The year 2017 was bullish for the Indian stock markets, though economy was in a bumpy road.Market has survived hard times of impetuous demonetization and initial errors of goods and services tax.Continuous economic reforms have taken its toll on the economy all throughout the year. Nonetheless, experts have the strong conviction that in the long term, this hard ride will pay off. These reforms, aimed at curbing the menace of black money and better taxation, are expected to meet those goals by FY19.
The GDP growth rate in Q1FY18 and Q2FY18 are 5.7% and 6.3% respectively. Clearly we see recovery from the temporary uncertainties throughout the year, although this has also been attributed to unclear tax regulations and other GST glitches. The companies increased production and replenished stocks after the GST rollout, starting July 1st. Most of them also felt the need to empty out their inventories before the bill came to force, resulting in lot of discounted sales in June. This stock clearance is what brought about a pull-back in the economy in Q1FY18 and a subsequent GDP growth rate of 5.7%.
Our government had focused on the infrastructure throughout, meaning a growing market is underway. Both urban and rural consumption has risen over the year. The manufacturing that grew by 12% in Q1FY18, only grew by 7% in FY12. The mining sector grew by 5.5% in Q2. The real estate is still hung over due to effects of demonetization new GST regulations. The farming sector grew by 1.7% in Q2 and by 2.3% in Q1.
PSU bank stocks revived fast after the announcement of bank recapitalisation plan. The banking sector is expected to find growth in the near future owing to the reforms in National Bankruptcy Code, which will enable them to acquire their debt back faster.The stock market expects higher inflow from domestic investors, owing to lesser investment opportunities elsewhere due to demonetization and GST rollout. The mutual fund industry have seen better fund flow than previous years by educating the retail investors and that inflow helped to surpass the sell-off from foreign institutional investors.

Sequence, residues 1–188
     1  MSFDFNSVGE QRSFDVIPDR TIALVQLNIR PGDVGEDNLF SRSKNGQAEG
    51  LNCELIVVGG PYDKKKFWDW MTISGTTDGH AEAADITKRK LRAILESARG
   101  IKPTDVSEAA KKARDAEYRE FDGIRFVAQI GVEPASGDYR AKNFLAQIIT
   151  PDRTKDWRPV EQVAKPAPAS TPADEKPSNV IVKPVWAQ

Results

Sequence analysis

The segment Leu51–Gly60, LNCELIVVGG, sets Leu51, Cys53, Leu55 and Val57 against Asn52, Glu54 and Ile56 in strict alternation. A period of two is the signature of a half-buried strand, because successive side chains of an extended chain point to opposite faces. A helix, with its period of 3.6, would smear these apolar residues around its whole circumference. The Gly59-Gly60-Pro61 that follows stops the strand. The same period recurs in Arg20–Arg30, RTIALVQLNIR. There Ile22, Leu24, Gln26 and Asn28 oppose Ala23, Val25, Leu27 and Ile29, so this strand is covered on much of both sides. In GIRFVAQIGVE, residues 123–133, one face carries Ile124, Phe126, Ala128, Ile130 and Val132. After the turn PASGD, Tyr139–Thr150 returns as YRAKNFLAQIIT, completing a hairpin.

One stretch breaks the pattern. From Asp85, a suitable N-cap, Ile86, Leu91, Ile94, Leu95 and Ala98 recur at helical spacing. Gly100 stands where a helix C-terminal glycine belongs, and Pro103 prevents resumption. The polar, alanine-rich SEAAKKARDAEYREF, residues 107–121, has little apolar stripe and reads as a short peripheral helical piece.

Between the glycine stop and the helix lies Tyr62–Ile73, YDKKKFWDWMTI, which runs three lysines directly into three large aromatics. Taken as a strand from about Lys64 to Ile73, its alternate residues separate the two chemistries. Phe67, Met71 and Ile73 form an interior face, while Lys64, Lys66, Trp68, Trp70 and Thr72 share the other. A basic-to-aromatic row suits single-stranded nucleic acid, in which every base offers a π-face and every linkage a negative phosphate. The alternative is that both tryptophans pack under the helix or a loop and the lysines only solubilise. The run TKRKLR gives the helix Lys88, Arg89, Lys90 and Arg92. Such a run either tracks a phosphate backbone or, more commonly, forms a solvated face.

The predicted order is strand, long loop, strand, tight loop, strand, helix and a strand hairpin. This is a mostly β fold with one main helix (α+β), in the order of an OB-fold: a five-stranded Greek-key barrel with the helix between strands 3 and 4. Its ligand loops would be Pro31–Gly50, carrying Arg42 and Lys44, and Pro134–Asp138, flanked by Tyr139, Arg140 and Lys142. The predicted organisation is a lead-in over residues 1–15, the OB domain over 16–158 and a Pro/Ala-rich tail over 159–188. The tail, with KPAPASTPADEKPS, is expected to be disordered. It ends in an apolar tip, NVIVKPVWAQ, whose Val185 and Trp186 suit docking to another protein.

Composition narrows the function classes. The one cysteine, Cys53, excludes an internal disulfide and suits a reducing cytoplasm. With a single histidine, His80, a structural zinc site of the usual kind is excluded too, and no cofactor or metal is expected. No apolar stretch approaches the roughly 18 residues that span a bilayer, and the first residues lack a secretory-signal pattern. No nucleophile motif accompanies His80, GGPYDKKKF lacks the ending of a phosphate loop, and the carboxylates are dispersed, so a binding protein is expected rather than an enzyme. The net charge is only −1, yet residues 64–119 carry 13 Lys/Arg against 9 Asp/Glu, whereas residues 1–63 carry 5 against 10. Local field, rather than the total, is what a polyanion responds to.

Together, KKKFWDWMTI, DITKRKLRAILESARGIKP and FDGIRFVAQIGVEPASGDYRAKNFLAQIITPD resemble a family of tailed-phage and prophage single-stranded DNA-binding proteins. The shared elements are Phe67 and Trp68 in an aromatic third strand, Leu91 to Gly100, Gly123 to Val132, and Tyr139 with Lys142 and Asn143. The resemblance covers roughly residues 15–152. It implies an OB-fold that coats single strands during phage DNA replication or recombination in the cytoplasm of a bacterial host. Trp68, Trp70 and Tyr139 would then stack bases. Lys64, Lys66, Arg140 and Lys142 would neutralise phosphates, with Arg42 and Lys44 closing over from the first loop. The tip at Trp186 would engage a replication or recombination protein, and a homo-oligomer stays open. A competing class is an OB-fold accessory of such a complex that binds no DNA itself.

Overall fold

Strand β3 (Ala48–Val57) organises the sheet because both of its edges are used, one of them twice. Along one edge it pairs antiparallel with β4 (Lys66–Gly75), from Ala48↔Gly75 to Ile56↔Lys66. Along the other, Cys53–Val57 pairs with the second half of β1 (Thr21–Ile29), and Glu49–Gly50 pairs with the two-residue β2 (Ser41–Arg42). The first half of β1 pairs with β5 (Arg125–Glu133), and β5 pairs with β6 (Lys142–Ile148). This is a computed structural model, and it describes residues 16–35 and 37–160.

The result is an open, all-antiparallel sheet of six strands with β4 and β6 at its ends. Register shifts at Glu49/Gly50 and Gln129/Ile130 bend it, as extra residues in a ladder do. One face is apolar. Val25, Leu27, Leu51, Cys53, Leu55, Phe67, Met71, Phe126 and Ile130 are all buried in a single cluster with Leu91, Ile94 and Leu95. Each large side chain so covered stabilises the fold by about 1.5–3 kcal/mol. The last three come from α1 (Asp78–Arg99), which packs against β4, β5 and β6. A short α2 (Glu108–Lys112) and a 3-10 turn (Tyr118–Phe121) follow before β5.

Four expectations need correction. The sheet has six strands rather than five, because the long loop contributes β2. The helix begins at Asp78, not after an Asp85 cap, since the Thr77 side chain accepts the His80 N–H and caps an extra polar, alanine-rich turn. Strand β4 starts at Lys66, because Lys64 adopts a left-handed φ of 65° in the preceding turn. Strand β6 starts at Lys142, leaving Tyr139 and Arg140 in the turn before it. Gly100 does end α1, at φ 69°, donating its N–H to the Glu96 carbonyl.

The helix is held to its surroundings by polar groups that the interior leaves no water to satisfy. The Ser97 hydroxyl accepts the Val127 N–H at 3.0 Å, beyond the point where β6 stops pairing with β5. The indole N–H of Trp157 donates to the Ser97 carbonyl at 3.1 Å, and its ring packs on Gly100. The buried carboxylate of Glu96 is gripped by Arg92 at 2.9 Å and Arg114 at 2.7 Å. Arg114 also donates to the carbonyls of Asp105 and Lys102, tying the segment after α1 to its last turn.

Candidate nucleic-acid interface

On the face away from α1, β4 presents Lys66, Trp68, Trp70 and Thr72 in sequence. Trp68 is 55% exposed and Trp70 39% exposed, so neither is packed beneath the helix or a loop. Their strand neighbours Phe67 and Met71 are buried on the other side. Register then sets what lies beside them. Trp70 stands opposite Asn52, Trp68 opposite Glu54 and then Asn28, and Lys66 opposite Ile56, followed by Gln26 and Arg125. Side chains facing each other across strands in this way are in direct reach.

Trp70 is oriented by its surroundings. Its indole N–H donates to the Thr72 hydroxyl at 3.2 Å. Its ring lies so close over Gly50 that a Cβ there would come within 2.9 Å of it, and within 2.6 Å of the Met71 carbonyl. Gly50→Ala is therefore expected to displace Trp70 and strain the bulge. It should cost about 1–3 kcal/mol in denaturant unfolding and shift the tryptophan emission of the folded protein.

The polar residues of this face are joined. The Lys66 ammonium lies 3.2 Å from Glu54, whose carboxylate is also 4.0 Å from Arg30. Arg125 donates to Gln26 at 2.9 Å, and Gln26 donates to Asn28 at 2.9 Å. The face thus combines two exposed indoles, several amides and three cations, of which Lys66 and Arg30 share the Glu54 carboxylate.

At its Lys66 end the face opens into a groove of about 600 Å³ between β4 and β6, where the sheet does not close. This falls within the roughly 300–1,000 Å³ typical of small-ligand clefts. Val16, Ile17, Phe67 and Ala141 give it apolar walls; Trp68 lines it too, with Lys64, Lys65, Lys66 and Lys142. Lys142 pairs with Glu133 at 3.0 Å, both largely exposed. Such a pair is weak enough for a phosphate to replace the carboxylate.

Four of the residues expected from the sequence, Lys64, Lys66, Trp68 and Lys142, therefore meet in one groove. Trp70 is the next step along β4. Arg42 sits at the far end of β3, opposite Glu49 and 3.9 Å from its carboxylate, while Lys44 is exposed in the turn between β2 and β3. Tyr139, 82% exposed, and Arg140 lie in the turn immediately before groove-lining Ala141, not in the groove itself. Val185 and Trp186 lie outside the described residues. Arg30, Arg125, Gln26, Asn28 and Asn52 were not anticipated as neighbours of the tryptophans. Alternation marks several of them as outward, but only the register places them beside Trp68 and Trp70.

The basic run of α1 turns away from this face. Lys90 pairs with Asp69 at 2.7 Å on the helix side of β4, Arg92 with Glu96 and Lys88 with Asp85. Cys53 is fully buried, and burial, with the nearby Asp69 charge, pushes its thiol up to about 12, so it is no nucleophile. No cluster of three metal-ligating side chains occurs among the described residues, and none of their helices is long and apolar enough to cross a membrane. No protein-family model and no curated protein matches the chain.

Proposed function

Foreign Direct Investment regulations have been reformed by Consolidated FDI Policy 2017.Now, companies can attain FDI easier than before with faster processing owing to lesser levels of bureaucracy. Liberalisation by permitting 100% FDI in key sectors such as Pharma, Defence and Broadcasting created confidence in business environment.New policy revised the threshold for FDI in single brand retailing,civil aviation, manufacturing and non-banking financial services. Startups have also been made eligible for FDI through convertible instruments.
On November 17th, the acclaimed Moody’s Investors Service upgraded India’s credit rating from Baa3 to Baa2. This event restored faith in the market for participants who had a hard time throughout the year. The upgraded rating is an indicator of the ease of starting a business and succeeding in the country. This has given hope to investors, both foreign and at home, along with aspiring entrepreneurs. Earlier in May, Moody’s predicts a growth of 7.5 % for FY18 and 7.7% for FY19, with 7.1% being the growth rate in FY17. Despite the confusion caused in the country due to demonetization, the organization said that that the negative effects were limited.
GST rates have been cut in the past months and The GST Council Meeting on 10th November moved more than 170 items from the 28% tax bracket to the 18% bracket. Other tax bracket shifts form 18% to 12% were also decided upon.After all these, the Nifty is at 10,100 levels and sensex is at 33,000 levels on December 13th, showing a consolidation in the market.Market participants are still worried about the commotion due on the day of Gujarat election results. Investors in the long term need not worry as the economy as a whole is recovering and election results, or any other such events for that matter, may not affect the market for long.